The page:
Surveys

Not Just Hype: Institutional, Retail Investors Smile On Cryptos – Study

Editorial Staff, 28 April 2022

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A survey by a cryptocurrency exchange finds - perhaps unsurprisingly - that respondents are upbeat about the growth of such digital assets when compared with those of a more traditional kind.

A survey of more than 28,615 people – including 5,502 senior investment decision-makers – shows that the noise around digital assets such as cryptocurrencies and tokens isn’t just hype. A large majority think that cryptocurrency investments will rival many traditional assets in coming years.

The study, from cryptocurrency exchange Bitstamp, finds that 70 per cent of institutions are very likely to recommend crypto as an asset class, while 71 per cent of institutional respondents have “high trust” in crypto as an investment. 

The data comes from a survey of more than 28,615 respondents – including 5,502 senior institutional investment strategy decision-makers and 23,113 retail investors – from 23 countries across North America, Latin America, Europe, Africa, the Middle East, and Asia-Pacific.

The findings will add to the sense that digital assets are becoming increasingly mainstream, as seen by the interest shown of large financial institutions such as BNY Mellon, JP Morgan, Guggenheim Partners, Morgan Stanley, Bordier Goldman Sachs and Julius Baer. Outside the banking and finance sector, Tesla, the electric car firm led by maverick entrepreneur and space flight tycoon Elon Musk, is among the most high-profile players in bitcoin.

Crytocurrencies such as bitcoin have benefited from worries that state fiat currencies are being devalued by massive central bank quantitative easing as a response to the Covid-19 pandemic, as well as the QE splurge after the 2008 financial crisis. Digital assets also benefit from their perceived security and the speed of the underlying distributed ledger technology called blockchain.

More popular
Some 80 per cent of institutional respondents believe that crypto will become more popular as an asset class – potentially overtaking traditional investment types such as stocks, shares, and savings accounts.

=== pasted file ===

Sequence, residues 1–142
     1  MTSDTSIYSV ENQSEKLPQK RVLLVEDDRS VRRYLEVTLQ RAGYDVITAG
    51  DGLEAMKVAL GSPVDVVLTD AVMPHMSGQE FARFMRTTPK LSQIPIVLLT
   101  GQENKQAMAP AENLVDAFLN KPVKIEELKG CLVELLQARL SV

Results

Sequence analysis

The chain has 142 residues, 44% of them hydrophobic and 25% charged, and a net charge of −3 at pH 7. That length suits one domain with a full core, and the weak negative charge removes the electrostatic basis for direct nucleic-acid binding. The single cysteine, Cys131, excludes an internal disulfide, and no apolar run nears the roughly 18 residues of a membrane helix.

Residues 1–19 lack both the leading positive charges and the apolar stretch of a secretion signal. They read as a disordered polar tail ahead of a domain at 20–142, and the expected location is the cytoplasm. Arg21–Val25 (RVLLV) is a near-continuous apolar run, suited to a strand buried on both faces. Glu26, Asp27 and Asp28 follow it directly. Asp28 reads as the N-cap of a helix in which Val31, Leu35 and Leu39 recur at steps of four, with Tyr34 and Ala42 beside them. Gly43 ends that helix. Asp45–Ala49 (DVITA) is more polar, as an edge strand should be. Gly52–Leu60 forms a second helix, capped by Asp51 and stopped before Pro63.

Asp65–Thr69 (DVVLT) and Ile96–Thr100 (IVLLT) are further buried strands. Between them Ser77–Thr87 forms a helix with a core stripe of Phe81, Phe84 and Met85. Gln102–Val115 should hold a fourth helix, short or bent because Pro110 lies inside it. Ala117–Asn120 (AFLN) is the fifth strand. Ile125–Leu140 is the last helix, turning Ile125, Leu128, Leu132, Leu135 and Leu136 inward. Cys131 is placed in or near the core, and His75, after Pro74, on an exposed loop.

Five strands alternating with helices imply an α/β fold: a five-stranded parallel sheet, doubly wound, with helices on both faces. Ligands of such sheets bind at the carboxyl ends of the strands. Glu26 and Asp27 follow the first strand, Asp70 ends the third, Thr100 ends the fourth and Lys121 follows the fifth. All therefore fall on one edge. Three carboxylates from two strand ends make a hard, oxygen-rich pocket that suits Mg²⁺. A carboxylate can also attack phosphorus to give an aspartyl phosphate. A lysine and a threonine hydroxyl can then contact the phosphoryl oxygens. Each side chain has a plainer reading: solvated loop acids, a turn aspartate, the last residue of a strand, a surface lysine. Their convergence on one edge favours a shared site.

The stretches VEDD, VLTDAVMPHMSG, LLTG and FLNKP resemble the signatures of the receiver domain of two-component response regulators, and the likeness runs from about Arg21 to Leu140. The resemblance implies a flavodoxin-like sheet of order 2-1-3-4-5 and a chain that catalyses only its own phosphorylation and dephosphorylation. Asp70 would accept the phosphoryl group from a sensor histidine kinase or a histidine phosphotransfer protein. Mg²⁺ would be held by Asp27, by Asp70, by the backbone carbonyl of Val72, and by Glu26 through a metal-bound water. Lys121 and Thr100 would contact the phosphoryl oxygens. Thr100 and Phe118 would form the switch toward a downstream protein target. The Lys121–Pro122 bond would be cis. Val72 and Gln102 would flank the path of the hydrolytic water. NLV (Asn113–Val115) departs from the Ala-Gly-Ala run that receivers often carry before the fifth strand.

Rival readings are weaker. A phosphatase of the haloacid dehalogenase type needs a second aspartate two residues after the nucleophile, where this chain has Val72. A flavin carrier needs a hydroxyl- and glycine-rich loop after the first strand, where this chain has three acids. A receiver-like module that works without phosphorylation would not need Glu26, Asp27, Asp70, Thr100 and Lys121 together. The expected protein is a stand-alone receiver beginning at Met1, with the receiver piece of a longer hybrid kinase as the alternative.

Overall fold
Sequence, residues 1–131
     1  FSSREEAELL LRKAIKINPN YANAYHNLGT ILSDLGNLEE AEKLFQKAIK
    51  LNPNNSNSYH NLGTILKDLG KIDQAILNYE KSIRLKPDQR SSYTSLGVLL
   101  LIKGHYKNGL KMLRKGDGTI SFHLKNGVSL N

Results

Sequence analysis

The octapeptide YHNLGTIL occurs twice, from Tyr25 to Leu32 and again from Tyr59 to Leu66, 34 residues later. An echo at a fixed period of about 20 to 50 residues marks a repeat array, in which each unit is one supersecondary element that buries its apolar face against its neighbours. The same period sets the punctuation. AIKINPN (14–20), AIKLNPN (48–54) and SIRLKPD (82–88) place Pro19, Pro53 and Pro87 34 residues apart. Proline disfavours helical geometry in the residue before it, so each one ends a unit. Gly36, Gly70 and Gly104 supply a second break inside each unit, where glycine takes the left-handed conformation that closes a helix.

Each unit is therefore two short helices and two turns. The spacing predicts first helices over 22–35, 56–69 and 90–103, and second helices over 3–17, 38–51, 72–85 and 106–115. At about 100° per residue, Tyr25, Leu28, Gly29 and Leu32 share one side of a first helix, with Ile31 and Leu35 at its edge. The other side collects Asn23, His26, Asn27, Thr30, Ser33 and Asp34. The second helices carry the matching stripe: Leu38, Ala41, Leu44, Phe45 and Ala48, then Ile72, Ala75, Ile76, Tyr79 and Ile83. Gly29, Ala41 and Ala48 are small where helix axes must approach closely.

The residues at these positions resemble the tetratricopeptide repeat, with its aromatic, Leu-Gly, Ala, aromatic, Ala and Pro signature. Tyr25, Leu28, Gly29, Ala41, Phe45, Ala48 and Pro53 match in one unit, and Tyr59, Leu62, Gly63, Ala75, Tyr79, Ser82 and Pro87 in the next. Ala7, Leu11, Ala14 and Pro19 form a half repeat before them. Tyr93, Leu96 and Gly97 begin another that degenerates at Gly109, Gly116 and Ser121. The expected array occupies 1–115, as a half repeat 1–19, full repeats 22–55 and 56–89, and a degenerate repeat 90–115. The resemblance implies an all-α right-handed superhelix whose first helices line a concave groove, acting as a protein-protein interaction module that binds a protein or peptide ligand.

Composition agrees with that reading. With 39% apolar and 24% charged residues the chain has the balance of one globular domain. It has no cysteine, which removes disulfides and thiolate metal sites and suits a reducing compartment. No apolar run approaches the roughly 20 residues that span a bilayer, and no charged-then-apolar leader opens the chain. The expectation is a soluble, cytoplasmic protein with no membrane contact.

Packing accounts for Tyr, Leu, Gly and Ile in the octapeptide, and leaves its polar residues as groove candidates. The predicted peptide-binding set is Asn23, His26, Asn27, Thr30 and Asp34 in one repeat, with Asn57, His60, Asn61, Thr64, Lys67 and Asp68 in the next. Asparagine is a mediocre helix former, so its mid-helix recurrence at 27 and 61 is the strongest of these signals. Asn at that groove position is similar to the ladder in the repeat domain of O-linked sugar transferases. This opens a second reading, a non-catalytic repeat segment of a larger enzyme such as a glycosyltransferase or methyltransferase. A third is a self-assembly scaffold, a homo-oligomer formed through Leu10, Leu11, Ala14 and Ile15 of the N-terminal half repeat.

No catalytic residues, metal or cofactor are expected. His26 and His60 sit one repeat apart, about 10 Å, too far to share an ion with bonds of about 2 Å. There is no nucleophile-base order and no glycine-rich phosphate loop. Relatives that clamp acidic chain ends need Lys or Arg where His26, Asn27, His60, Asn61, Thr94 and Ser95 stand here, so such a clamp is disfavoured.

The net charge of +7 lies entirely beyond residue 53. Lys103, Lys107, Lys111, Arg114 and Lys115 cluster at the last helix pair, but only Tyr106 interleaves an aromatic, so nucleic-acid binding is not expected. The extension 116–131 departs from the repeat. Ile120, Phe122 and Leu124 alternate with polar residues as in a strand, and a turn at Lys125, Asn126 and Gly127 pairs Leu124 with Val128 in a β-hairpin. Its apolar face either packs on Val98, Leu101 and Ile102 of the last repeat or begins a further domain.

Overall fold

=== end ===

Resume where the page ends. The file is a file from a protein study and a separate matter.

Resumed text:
“In the last few years, cryptocurrencies have moved from the outskirts of the financial ecosystem to find themselves front and centre of mainstream investing, with many of the largest trading venues in the world now catering to both retail and institutional crypto needs,” Julian Sawyer, CEO of Bitstamp, said. “We’ve seen interest propel in the years since the pandemic, and crypto is now part of the wider conversation in global macroeconomic matters.”

Some 72 per cent of respondents said that they will increase investment in cryptocurrency, and 32 per cent want to add more crypto investments into their portfolio. 

Perhaps, even more strikingly, given the relative novelty of cryptos, the reports said that 71 per cent of institutional respondents see crypto as trustworthy; with just 20 per cent saying that it is not.

Trust in crypto is behind some more traditional investment types, such as property (82 per cent), and shares and stocks (80 per cent) – but the current level of trust indicates greater universal adoption of crypto in mainstream investing.

Other investment vehicles in the decentralised finance ecosystem also show strong levels of trust despite their relative infancy – with stablecoins, non-fungible tokens, and blockchain networks seeing their levels of trust go above 60 per cent. (This news service has examined elements of the digital assets universe here.)

Developed and emerging
Globally, trust in crypto is primarily seen in developing countries, where trust in the traditional financial system is low. For example, in emerging markets, 82 per cent say crypto is more trustworthy than stocks and shares, and ISAs, which sees trust levels at 80 per cent.

Responses from Latin America show crypto as the third most trusted investment vehicle for institutional investors (81 per cent) – just behind basic savings accounts (83 per cent) and property (88 per cent). 

Developed financial markets such as the US, UK and EU, demonstrate a more conservative approach to crypto, with 63 per cent of respondents stating that they trust stocks and shares (77 per cent) and high-return/notice period savings accounts (71 per cent) before crypto.

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